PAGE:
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European Investment Bank (EIB) supports Medical Credit Fund with USD 5 million for health facility investment

Medical Credit Fund (MCF) PharmAccess Group's non-profit health fund dedicated to providing loans to small and medium-sized healthcare facilities in Africa, has received European backing. The European Investment Bank, the investment arm of the European Union, has signed a USD 5 million (KhSh 514 million) loan agreement with MCF.

  • nov 29, 2018

The fund, established in 2009, has been active in five countries in Sub-Saharan Africa by supporting local SMEs in the healthcare sector, bringing quality healthcare to underserved areas. With the EIB’s support, the fund aims to branch out into other Sub-Saharan countries, including Zambia, Senegal, Cameroon and Ivory Coast. EIB Vice President Ambroise Fayolle commented: “This project makes sense not only from a human, but also from an economic perspective, as healthy people earn more, save more and consume more, thus contributing to the economy. The Medical Credit Fund has been around for nearly ten years in Kenya, Uganda, Nigeria and Ghana, and the EIB is happy to support its expansion into further territories in Sub-Saharan Africa.”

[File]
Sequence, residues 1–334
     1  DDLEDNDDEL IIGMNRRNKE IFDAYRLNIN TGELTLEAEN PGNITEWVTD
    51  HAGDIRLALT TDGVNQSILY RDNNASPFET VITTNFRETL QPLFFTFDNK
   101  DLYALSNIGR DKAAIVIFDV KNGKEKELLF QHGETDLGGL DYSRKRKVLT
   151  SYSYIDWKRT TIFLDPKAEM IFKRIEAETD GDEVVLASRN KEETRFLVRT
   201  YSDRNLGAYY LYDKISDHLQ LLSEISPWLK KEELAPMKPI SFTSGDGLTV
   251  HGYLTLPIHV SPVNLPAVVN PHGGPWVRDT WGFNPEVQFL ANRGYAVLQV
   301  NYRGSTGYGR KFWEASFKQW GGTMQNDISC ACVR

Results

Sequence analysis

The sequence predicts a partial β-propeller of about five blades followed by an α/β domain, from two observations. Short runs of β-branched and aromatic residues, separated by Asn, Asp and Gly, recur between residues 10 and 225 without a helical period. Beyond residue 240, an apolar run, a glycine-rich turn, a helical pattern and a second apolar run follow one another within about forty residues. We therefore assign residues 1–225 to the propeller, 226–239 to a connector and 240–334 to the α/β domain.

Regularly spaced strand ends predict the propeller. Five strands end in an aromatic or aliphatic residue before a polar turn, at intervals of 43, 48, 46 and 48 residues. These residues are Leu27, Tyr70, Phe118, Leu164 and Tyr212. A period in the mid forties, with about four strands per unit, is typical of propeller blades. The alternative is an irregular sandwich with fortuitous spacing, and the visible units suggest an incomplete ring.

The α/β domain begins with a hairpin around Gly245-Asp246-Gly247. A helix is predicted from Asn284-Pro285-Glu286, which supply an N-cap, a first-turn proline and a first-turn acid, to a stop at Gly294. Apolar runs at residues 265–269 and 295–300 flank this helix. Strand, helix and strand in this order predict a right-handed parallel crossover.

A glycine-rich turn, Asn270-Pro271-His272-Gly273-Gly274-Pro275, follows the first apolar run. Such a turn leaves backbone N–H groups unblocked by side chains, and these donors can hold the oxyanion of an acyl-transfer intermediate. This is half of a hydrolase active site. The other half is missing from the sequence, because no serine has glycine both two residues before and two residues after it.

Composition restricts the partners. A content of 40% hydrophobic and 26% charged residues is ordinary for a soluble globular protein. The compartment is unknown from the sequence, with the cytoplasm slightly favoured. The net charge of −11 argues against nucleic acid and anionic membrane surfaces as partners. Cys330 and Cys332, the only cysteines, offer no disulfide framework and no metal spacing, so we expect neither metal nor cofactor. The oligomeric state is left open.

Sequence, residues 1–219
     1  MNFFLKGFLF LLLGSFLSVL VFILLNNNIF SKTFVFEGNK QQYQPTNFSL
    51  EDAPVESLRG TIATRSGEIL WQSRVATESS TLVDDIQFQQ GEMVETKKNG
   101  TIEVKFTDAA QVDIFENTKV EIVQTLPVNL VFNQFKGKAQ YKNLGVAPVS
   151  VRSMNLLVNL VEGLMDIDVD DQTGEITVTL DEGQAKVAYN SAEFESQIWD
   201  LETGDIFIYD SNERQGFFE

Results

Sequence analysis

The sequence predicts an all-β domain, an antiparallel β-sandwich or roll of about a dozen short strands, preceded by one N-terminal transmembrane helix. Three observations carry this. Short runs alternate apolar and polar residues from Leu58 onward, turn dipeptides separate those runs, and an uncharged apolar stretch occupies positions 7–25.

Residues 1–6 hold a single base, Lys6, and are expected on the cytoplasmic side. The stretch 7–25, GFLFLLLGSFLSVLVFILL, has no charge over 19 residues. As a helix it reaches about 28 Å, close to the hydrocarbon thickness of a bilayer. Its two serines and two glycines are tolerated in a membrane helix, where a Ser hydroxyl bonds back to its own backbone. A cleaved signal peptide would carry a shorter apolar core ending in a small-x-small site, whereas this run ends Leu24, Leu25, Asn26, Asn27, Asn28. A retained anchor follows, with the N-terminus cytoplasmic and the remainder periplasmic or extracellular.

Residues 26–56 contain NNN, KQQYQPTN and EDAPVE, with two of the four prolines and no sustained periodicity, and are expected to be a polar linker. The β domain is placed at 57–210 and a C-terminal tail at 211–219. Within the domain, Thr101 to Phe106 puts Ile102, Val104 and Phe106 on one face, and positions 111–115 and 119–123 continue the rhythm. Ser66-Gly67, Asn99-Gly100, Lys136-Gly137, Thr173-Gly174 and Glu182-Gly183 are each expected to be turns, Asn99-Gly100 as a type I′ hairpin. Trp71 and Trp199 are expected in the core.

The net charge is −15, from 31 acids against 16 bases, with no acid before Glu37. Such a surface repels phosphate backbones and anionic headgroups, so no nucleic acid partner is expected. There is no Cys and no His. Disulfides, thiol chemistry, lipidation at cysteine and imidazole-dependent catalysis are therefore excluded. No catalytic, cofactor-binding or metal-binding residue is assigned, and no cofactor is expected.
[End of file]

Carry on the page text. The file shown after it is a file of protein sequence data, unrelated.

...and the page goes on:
MCF Managing Director Arjan Poels added: “We are thrilled and proud to add EIB as another investor in our fund. MCF is currently disbursing over 1,000 loans per year and has doubled in size three years in a row. We are working with 20 financial partners in the countries we operate to ensure more capital is being invested in African health sectors and have shown these partners that investing in the health sector is not nearly as risky as most financial institutions think. Through our Technical Assistance programme, we also provide support to strengthen the business aspects within investees as well as the quality of care they provide to the communities.”

Through local financial intermediaries, MCF aims to provide financing to health SMEs including clinics, pharmacies, diagnostics centres and hospitals. The EIB-loan has a tenor of seven years and is denominated in Kenyan Shillings to reduce the currency risk that operators in the area usually face.